• Parking spaces for people with disabilities
        Parking space for visitors with disabilities in front of the entrance at Prinz-Eugen-Strasse 27, Parking: 10 am – 6 pm
    • Further information
      • Seeing eye dogs allowed
      • Wheelchair accessible restroom available.
    • Special offers for people with disabilities

      Reduced admission for persons with disabilities and their escorts. Tours in Austrian sign language, "seeing differently" (tactile tours) for the blind and visually impaired in groups are possible in the Upper and Lower Belvedere. The following topics can be booked at all times:
 • A palace to touch – the new touching model of the Upper Belvedere
 • Ferdinand Georg Waldmüller and his time
 • Gustav Klimt’s main work “The Kiss”

    • Comments

      People with visual impairments can be collected from the nearest tram station. Please provide information on this when making arrangement. Trained seeing-eye dogs (with ID) may be taken into all areas of the collection. A wheelchair is available at the cloakroom for visitors who have difficulty walking. Some seating is also available in the exhibition rooms or will be provided during the tours.


1030 Wien

St. Charles' Church (Karlskirche)

1040 Vienna
  • Vienna City Card

    • Benefits of the Vienna City Card: -21%

      Additional information on the offer:

      Visit of the church including Church model, Panoramic terrace, Treasury and Organ /
      Regular price 9,50€ /
      Savings: 2€

  • Opening times

    • Mo - Sa, 09:00 - 18:00
    • Sunday and public holidays 11 a.m. - 7 p.m.

  • Accessibility

    • Main entrance
      • 14 Steps (Door 300 cm wide)
        Heavy wooden door
    • Further information
      • Seeing eye dogs allowed
    • Special offers for people with disabilities

      Visitors with ID for persons with special needs: free entry.

    • Comments

      Barrier-free access possible via a ramp, door opens via sensor

      Interior: 11 steps. Ask staff for assistance.

Schubert's Place of Death

Kettenbrückengasse 6
1040 Vienna
  • Opening times

    • Fr - Su, 10:00 - 17:00
    • Closed: January 1, May 1, December 25

  • Accessibility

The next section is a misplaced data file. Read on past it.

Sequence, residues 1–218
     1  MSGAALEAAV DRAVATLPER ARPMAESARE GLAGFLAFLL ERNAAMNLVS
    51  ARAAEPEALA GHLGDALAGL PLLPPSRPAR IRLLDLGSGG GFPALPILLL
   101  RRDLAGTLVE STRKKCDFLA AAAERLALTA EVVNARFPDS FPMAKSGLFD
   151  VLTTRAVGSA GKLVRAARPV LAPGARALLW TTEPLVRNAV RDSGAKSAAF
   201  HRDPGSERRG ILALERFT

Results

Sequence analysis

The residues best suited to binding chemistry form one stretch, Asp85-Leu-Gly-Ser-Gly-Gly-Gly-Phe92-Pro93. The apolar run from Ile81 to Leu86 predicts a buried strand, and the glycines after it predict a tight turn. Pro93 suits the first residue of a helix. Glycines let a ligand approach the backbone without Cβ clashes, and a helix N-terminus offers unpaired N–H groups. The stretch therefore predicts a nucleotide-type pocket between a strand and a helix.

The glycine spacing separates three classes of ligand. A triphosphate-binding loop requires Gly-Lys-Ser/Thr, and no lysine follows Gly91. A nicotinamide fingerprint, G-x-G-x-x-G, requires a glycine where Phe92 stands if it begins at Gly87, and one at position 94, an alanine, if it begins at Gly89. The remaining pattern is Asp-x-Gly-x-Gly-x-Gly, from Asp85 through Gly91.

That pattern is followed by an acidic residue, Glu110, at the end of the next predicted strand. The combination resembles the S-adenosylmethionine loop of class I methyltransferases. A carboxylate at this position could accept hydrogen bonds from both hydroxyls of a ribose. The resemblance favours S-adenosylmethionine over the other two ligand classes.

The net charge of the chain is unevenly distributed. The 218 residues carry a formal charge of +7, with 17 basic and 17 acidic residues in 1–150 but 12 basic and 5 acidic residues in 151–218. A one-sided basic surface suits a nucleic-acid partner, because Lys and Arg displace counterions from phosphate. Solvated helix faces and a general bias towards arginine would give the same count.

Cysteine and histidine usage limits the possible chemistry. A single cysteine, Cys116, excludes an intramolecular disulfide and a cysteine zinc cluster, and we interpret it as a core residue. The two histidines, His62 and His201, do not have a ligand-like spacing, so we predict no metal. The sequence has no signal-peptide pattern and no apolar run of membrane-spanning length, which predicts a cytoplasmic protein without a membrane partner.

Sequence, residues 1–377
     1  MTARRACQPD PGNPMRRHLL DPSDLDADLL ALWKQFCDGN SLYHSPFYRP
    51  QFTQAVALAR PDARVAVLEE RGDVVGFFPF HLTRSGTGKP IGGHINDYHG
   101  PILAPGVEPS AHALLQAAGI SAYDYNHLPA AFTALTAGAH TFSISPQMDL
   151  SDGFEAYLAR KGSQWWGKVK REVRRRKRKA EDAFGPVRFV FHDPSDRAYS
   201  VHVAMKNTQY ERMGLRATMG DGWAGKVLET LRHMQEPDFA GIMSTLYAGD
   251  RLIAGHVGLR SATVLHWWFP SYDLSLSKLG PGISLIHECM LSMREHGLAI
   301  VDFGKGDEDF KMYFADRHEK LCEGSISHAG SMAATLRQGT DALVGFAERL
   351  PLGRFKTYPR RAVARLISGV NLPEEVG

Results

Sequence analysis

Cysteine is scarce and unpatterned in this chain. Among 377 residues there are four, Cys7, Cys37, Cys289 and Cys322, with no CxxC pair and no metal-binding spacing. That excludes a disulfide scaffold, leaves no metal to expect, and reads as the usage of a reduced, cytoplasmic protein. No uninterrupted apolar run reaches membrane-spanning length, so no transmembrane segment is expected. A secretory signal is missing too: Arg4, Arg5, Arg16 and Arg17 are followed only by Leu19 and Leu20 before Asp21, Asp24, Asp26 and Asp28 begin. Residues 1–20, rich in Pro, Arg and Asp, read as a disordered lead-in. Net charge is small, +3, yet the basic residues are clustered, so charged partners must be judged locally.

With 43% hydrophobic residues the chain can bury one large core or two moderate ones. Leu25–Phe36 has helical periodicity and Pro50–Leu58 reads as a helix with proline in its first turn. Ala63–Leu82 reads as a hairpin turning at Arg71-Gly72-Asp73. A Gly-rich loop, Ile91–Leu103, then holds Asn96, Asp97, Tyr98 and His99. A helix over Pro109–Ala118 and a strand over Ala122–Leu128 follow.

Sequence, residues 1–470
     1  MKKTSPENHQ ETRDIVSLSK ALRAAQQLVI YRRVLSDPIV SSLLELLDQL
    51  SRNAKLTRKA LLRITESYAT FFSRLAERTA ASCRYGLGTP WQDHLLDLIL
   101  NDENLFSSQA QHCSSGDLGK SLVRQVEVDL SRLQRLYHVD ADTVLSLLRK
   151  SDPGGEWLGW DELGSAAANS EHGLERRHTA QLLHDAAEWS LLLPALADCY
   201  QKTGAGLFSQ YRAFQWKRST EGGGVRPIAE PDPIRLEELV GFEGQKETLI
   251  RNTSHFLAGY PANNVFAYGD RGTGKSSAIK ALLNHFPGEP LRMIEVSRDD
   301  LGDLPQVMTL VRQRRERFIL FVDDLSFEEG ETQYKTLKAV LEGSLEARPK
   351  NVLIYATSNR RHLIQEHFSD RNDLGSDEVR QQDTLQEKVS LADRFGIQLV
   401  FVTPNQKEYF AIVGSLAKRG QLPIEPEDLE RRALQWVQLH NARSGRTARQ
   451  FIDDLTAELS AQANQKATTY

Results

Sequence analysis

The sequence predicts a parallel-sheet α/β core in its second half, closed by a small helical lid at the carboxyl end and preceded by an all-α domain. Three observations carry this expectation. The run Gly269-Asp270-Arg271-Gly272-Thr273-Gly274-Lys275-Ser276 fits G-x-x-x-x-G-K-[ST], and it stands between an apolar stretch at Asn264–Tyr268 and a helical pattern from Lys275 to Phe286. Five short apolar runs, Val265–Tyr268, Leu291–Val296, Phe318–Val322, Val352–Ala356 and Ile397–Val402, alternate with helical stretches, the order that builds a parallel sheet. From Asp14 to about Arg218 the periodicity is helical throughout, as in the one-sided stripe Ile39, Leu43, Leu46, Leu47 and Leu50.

• Further information
      • Seeing eye dogs allowed


1060 Vienna
  • Opening times

    • Mo, 06:00 - 21:00
    • Tu, 06:00 - 21:00
    • We, 06:00 - 21:00
    • Th, 06:00 - 21:00
    • Fr, 06:00 - 21:00
    • Sa, 06:00 - 18:00
    • Food stands: Mo-Sa until 11 p.m.


Friedrichstraße 12
1010 Vienna
  • Vienna City Card

    • Benefits of the Vienna City Card: -0%

      Special Offer:

      Free audioguide or guided tour

      Additional information on the offer:

      Overview tour every Saturday, 11 a.m. in English or individual visit with an audioguide (German, English, French, Italian, Polish, Serbian, Spanish, Turkish).
      Savings: 3€

  • Opening times

    • Tu, 10:00 - 18:00
    • We, 10:00 - 18:00
    • Th, 10:00 - 18:00
    • Fr, 10:00 - 18:00
    • Sa, 10:00 - 18:00
    • Su, 10:00 - 18:00
  • Accessibility

    • Main entrance
      • 13 Steps (Swinging doors 120 cm wide)
    • Side entrance
      • (Swinging doors 120 cm wide)
    • Elevator available
      • Door 80 cm wide
    • Further information
      • Seeing eye dogs allowed
    • Special offers for people with disabilities

      People with disabilities pay the discounted admission price, companions enjoy free admission. Audio guide free with the Vienna City Card

    • Comments

      Main exhibition rooms accessible by elevator. Access to all exhibition rooms: elevator. Elevator: door width: 80 cm, cabin depth: 105 cm, cabin width: 80 cm. Beethoven Frieze (basement): elevator. Drawing Room: 24 steps.